Melissa Ray had hoped that would be the case, but it was a risky move asking 400+ attendees to come in a half day earlier than usual for the 59th Annual Virginia Trial Lawyers Association Convention held recently in Williamsburg.
The enticement? Two of the nation’s best in the business speaking in depth on one of the hottest topics in law.
Led by Melissa as Convention Chair, and with the help of fellow VTLA member Jeffrey Breit, VTLA finally nabbed Houston-based Mark Lanier, renowned as the top civil litigator in the U.S., to come and share his winning tactics.
And he would be joined by another nationally-known star—jury selection expert and author, Dallas attorney Lisa Blue.
Together, they would dive deep into a subject crucial for trial attorneys today: How to package a case so that juries want to help your client in this New Age of jury trials.
Instead of the usual 45 minutes, Melissa scheduled three hours for this landmark master class—long enough to make it worth the speakers’ time and meaty enough for attendees to justify arriving early.
The risk paid off with filled seats and a totally engaged audience.
“We had nothing but positive feedback,” Melissa said, including several live tweets like this: “Wow! The #vtla2018 Convention pulled in awesome nationally recognized speakers!”
VTLA does not pay a stipend to speakers, so “we are at the will of their schedules. This year, the stars aligned.”
In fact, the universe was more than generous to Melissa and VTLA, because two other highly coveted speakers also headlined the event: Anne-Marie Slaughter, Princeton professor and author of the most-read article in The Atlantic’s history, “Why Women Still Can’t Have it All;” and Kenneth Polite, who rose from humble beginnings to be named U.S. Attorney by President Barak Obama.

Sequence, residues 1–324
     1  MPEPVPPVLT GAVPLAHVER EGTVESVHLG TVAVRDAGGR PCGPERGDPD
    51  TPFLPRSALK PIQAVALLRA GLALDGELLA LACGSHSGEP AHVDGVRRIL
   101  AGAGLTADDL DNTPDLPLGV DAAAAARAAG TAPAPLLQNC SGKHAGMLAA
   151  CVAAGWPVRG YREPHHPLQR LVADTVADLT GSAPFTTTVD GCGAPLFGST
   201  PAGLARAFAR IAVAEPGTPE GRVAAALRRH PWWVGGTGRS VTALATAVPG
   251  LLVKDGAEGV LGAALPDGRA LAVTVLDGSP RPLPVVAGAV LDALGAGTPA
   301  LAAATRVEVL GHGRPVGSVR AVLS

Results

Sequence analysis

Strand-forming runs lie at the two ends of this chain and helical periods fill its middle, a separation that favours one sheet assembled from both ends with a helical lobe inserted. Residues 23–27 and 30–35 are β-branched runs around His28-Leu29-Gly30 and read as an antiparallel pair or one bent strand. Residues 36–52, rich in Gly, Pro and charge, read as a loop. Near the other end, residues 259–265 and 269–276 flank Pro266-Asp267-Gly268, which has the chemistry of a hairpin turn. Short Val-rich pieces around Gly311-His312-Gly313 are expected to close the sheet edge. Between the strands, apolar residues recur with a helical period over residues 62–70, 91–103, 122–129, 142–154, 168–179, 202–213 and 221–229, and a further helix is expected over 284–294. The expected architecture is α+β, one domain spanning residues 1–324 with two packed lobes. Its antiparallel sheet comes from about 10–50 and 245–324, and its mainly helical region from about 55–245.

The diversity of the keynote speakers, including an African American and two women, mirrored the composition of the three-day program.
“This was one of the most diverse groups of speakers our convention has ever had. It was a very conscious effort. With so many women entering the legal field, they need to see mentors and women up there teaching. It is important that women are represented in terms of teaching and not just learning,” Melissa said.
Another tip of the hat to changing times: the first-ever VTLA convention mobile app was introduced.
“We have many millennials joining the legal profession,” Melissa mentioned while planning the convention, “so why don’t we have an app?” The VTLA staff worked to find a developer and Melissa was more than pleased with the end result. Having access to the schedule, presentations, and speaker bios at your fingertips as well as eliminating the need for follow-up speaker surveys were some of the many advantages.
Despite retaining beloved traditions like the Saturday night banquet, innovation was the byword for this year’s convention. Melissa likens the fresh-idea approach to her personal injury practice at Nichols Zauzig Sandler, where she is a partner.
“As a practice, we do try to think outside the box. We’re constantly trying to evolve in how we are presenting our cases so that we appeal to our audience. We represent diverse individuals of all ages, incomes and cultures. We always tailor our strategy to the individual client,” she said, adding, “It’s not one size fits all.”
It is ironic that the timing of this event—so opportune for obtaining big-name speakers—was all wrong for Melissa. Unfortunately, Melissa came down with pneumonia and had to leave Friday so she missed witnessing the fulfillment of nine months of planning by her, the VTLA staff, the Convention committee, and the many VTLA members who helped pull this Convention off.
But she did have the chance to look out on the standing-room only crowd Thursday afternoon and know that the risk of innovation had been worthwhile.